For example, despite frequent reports on events in Iran, Ahlibeyt.ge did not cover the women’s rights protests that were sparked by the death of Mahsa Amini. However, the website did report on a statement from Khamenei blaming the US for the riots in Iran.
The DFRlab observed that Ahlibeyt.ge framed Russia’s war in Ukraine as a “special military operation,” utilizing the Kremlin-favored term that attempts to minimize the war and disguises the invasion as a moral obligation. The website did not use the term “invasion” to describe Russia’s war in Ukraine. Google search results showed only one case in which Ahlibeyt.ge used the term “invasion” in relation to Ukraine: a report citing Kremlin spokesperson Dmitry Peskov, who said that describing the “operations” in Ukraine as an “invasion” was not correct. The website did use the term “war” several times in headlines, mostly when citing Iranian leaders commenting on the war in Ukraine. However, these articles also contained the term “military operation” and spread the pro-Kremlin narrative that the United States and the West are responsible for the war in Ukraine.
Ahlibeyt.ge’s articles published in the weeks and months following Russia’s February 2022 invasion of Ukraine blamed the West for the “Ukraine crisis.” For example, an article reporting on a telephone conversation between Iranian President Ebrahim Raisi and Putin mentioned comments made by Raisi claiming, “NATO’s eastward expansion is a serious threat to the stability and security of independent countries in different regions and causes tension.” Another report was based on a statement by the Minister of Foreign Affairs of Iran, Hossein Amir-Abdollahian, claiming that NATO provoked the crisis in Ukraine.
The DFRLab also analyzed how Ahlibeyt.ge portrayed Putin. The website attempted to claim that Putin has a positive attitude towards Muslims and described him as an ally of Muslims. The website reported on Putin eighty-four times; most instances were related to Islam. Ahlibeyt.ge cherrypicked its reports on Putin to promote pro-Muslim statements and used headlines to selectively highlight positive comments he has made about Islam.
While Ahlibeyt.ge portrays Putin as a Muslim ally, the website did not report on instances when Russian forces bombed mosques in Ukraine or Syria. In March 2022, the Russian forces shelled the Sultan Suleiman Mosque in Mariupol, which housed more than eighty adults and children. In October 2015, Russia was accused of bombing the Omar Bin al-Khattab mosque in Idlib, Syria. Russia denied the allegation, calling it a hoax, and shared images of a different mosque to claim the building was still intact.
Further, Ahlibeyt.ge also published several reports asserting that the US stole Syrian oil. The narrative largely originated from comments made by former US President Donald Trump, who said in 2019, “We are leaving soldiers [in Syria] to secure the oil. And we may have to fight for the oil…. I want to bring our soldiers back home. But I do want to secure the oil.” The Trump administration also approved a private US firm to develop oil fields in opposition-controlled Syria. However, the narratives amplified on Ahlibeyt.ge claimed that the US was smuggling oil from Syria and planning to invade parts of Syria to steal oil. The website also amplified a claim made by Syrian state media that alleged the US stole 120 oil tankers from Syria. The BBC, Voice of America, and Radio Free Asia debunked these claims.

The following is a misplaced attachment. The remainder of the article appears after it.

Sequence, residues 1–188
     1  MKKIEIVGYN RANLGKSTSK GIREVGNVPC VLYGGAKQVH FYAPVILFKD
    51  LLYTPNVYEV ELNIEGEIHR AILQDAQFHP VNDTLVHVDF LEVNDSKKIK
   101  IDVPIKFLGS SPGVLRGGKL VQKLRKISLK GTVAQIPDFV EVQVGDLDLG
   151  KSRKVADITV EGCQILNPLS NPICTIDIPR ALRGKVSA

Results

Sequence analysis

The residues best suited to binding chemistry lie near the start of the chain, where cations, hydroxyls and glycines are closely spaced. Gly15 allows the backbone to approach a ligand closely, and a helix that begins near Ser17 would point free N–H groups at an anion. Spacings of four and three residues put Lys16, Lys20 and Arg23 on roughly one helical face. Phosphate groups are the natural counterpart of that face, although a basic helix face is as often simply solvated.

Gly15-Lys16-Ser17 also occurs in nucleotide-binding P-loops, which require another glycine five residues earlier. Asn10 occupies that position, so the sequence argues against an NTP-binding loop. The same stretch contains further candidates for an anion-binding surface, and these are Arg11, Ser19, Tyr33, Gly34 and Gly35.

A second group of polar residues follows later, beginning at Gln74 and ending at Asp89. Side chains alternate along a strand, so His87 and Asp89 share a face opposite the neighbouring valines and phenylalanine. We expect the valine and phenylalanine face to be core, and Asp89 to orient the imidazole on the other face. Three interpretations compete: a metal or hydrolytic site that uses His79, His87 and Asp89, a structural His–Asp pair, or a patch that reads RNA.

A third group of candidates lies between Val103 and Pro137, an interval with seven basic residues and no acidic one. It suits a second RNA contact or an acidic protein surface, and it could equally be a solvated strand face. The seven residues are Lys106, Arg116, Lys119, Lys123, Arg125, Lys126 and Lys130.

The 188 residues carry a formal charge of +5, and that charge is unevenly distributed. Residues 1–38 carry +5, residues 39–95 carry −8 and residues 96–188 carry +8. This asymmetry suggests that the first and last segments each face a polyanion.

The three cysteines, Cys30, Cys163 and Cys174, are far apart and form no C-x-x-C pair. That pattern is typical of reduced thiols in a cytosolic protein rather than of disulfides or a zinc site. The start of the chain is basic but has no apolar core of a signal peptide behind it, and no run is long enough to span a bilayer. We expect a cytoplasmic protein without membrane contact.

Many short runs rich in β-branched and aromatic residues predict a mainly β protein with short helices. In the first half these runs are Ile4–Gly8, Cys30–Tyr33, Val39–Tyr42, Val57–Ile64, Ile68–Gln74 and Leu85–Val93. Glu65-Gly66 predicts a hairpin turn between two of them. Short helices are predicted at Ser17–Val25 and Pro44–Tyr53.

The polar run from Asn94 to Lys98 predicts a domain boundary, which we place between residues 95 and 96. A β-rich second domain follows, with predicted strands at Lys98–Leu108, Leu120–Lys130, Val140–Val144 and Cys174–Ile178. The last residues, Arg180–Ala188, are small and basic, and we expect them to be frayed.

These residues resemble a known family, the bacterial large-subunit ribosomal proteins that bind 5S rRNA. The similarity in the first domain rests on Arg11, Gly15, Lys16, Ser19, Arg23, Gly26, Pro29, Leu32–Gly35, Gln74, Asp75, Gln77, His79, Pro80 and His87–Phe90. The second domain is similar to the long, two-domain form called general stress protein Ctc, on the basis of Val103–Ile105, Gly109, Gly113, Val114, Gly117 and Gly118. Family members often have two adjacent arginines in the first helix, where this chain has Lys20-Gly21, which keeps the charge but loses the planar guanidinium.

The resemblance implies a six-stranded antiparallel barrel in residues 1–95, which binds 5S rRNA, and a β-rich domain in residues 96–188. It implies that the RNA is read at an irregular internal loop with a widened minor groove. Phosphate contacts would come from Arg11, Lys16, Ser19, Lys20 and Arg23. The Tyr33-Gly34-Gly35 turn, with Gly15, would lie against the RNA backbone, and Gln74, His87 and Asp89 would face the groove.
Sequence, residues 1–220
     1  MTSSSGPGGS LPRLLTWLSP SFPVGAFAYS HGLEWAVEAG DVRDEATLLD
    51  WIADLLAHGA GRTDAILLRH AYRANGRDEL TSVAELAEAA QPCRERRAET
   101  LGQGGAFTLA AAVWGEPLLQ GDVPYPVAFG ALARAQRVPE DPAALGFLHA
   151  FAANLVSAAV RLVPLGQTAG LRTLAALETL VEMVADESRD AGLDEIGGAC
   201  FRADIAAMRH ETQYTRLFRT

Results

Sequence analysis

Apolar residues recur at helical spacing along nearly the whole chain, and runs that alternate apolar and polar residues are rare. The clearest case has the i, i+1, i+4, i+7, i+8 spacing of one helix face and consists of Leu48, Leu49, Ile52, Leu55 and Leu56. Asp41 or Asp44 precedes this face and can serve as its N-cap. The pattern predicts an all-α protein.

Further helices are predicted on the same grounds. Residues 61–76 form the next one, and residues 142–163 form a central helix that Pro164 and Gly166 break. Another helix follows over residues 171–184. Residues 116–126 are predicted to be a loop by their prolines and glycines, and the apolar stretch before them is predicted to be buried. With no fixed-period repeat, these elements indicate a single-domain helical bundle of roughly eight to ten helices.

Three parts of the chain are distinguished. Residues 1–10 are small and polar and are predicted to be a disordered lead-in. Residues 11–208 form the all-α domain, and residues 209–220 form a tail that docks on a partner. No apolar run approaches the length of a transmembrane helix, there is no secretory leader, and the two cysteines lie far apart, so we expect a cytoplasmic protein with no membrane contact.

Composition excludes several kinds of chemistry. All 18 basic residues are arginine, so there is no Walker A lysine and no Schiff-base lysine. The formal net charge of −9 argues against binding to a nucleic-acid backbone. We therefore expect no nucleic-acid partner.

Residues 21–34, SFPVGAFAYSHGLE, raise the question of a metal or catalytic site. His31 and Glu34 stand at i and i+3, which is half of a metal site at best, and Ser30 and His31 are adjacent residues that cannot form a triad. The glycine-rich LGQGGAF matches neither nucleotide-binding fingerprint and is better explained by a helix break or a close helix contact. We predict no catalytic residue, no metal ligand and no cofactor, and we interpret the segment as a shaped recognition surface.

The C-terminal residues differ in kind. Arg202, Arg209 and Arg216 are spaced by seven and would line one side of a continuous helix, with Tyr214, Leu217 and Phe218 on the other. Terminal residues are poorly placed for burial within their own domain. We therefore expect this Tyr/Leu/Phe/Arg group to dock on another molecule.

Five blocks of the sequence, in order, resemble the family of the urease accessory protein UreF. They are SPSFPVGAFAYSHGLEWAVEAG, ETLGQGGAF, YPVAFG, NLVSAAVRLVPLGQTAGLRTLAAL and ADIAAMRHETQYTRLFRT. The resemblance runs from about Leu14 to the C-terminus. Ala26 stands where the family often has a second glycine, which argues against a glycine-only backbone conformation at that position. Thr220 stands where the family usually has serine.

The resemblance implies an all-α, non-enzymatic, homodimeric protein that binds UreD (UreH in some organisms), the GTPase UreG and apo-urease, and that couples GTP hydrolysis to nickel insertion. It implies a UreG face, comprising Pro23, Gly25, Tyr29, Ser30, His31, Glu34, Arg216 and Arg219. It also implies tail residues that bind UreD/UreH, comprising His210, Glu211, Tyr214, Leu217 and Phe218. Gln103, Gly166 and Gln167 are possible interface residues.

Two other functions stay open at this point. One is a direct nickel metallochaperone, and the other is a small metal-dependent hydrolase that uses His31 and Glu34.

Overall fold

Other articles on the website spread the narrative that the United States supports Islamic State terrorism. Ahlibeyt.ge shared statements from officials representing Iran, Turkey, Hezbollah, and Asa’ib Ahl al-Haq, an Iraqi militant faction tied to Iran, claiming that the US funded and supported the Islamic State. One article cited Jawad al-Talabawi, a spokesperson for Asa’ib Ahl al-Haq, claiming that the United States was purposefully prolonging the war against the Islamic State. Another article cited the former speaker of Iranian parliament, Ali Larijani, to claim that the US and CIA were behind the Islamic State.
The website also promoted Hezbollah positively. Some of the reports about Hezbollah claimed that the militant group is not a terrorist organization and promoted cooperation with the organization. Hezbollah has been on the US Department of State’s list of Foreign Terrorist Organizations since 1997. According to the Central Intelligence Agency, much of Hezbollah’s funding and political, diplomatic, and organizational aid comes from Iran. The State Department’s 2020 country report on terrorism estimated Iran’s support to the organization at $700 million. Hezbollah has participated in Lebanese parliament since 1992, though the pro-Hezbollah bloc lost its parliamentary majority in the 2022 elections.
The DFRLab’s analysis reveals that Ahlibeyt.ge targets Georgia’s ethnic Azerbaijani community with anti-West, anti-US, and anti-NATO narratives. Our investigation demonstrated that Ahlibeyt.ge rarely published fabricated content, instead focusing on biased reporting in favor of Iran and Russia and against the West. This observation is in line with Iran’s broader digital influence strategy, which, as noted the 2020 DFRLab report Iranian digital influence efforts: Guerrilla broadcasting for the twenty-first century, focuses on biased reporting to persuade as opposed to the Kremlin tactic of spreading outright fabrications.
Cite this case study:
Sopo Gelava, “Iran-linked website targets Georgia’s ethnic Azerbaijani community with anti-West content,” Digital Forensic Research Lab (DFRLab), April 27, 2023, https://dfrlab.org/2023/04/27/iran-linked-website-targets-georgias-ethnic-azerbaijani-community-with-anti-west-content.